RICHMOND, VA (WTVR) -- The race for the next Virginia's Attorney General has still not been decided.
As of Sunday night, Republican Senator Mark Obenshain leads Democrat Senator Mark Herring by just 17 votes.
The race tighten drastically over the weekend following Fairfax County fixing an earlier mistake that left over 3,000 absentee ballots, mostly Democratic, uncounted.
The slim margin is leaving both parties scrambling to make sure no party is scheming against the other.
That was on display Sunday outside Richmond City Hall where lawyers for both the Obenshain and Herring campaigns gathered.
According to the Republican Party of Virginia, a Republican on the Richmond electoral board, Bill Thomas, was not allowed to enter City Hall -- despite the lights being on in the Registrar's office and another electoral board member being inside.
"There not letting anybody in, the lights are on but they wouldn't let a member of the electoral board in and that causes great concern," Garren Shipley, RPV communications director, told CBS 6 reporter Joe St. George.
Democrat lawyers gathered once they found out Republicans were assembling.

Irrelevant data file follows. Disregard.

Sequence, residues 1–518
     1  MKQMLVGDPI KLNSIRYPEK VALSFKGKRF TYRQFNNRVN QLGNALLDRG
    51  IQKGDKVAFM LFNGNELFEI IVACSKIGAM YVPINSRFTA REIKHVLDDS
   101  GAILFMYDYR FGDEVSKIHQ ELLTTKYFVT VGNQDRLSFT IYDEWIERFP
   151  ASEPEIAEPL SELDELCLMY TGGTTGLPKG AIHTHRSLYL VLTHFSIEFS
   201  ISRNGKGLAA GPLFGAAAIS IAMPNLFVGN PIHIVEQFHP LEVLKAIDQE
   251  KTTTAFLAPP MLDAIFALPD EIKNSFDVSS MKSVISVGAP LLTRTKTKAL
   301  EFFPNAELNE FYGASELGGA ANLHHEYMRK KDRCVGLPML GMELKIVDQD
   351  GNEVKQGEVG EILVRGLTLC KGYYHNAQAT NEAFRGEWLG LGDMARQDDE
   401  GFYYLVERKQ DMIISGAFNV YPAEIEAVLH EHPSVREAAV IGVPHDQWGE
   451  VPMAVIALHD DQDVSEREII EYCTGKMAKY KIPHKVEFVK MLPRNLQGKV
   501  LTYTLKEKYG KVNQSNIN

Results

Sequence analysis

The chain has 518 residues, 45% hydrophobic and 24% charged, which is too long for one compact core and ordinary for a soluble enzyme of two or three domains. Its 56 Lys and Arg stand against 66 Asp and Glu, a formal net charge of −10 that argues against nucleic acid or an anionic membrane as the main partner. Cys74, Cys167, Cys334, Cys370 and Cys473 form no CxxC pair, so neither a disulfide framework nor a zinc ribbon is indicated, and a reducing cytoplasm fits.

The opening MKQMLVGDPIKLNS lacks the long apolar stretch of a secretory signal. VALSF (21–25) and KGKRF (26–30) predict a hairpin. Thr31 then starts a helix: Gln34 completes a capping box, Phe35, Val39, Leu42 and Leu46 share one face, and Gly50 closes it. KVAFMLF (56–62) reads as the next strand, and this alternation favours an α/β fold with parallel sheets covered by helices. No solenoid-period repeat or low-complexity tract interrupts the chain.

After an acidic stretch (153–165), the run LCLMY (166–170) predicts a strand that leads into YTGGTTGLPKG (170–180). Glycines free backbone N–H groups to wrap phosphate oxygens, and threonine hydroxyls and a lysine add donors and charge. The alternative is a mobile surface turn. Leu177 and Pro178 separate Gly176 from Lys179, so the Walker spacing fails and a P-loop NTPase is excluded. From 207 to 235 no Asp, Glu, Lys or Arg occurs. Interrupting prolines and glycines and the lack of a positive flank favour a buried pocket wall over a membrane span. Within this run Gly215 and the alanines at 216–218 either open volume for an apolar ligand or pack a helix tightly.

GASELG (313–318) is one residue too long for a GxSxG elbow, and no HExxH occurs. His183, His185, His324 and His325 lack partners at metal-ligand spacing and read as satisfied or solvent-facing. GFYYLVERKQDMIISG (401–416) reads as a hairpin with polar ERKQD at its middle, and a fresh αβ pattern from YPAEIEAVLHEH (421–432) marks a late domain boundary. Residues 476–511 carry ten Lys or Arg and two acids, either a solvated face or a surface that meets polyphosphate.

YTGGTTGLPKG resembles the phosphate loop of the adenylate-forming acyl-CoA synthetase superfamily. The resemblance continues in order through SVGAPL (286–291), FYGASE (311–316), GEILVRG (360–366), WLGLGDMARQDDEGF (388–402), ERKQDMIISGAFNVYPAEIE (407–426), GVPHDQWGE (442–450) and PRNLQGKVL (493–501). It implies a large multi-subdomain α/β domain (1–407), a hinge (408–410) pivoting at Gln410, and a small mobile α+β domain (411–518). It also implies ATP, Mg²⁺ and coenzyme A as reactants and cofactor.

"We are just keeping an eye on this. We have attorneys around the state who are interested in being helpful," Lauren Harmon, Executive Director of the Democratic Party of Virginia, said.
After an hour or so of standing outside city hall, party officials began to leave the scene.
According to Richmond registrar J. Kirk Showalter, it is true that Bill Thomas was initially denied access to her office and that another board member was inside at the time.
But Showalter said that other board member was the chair of the Electoral Board and they were simply planning for Monday's 1 p.m. meeting.
Showalter said Thomas was denied entry because if he had entered it would of constituted an illegal board meeting.
When CBS 6 spoke with Thomas, he told a CBS 6 reporter that he did not feel "slighted."
But the scene is just one example of how close each party is monitoring the AG race.
Local registrars have until Tuesday to submit voting totals to the State. Then the state will tabulate and certify results.
However, if the margin of victory is less than one percent, the trailing candidate is entitled to a recount. If the margin of victory is less than one half of one percent the state would pay for the recount process.
Stay with WTVR.com and CBS 6 News for the latest developments on this story.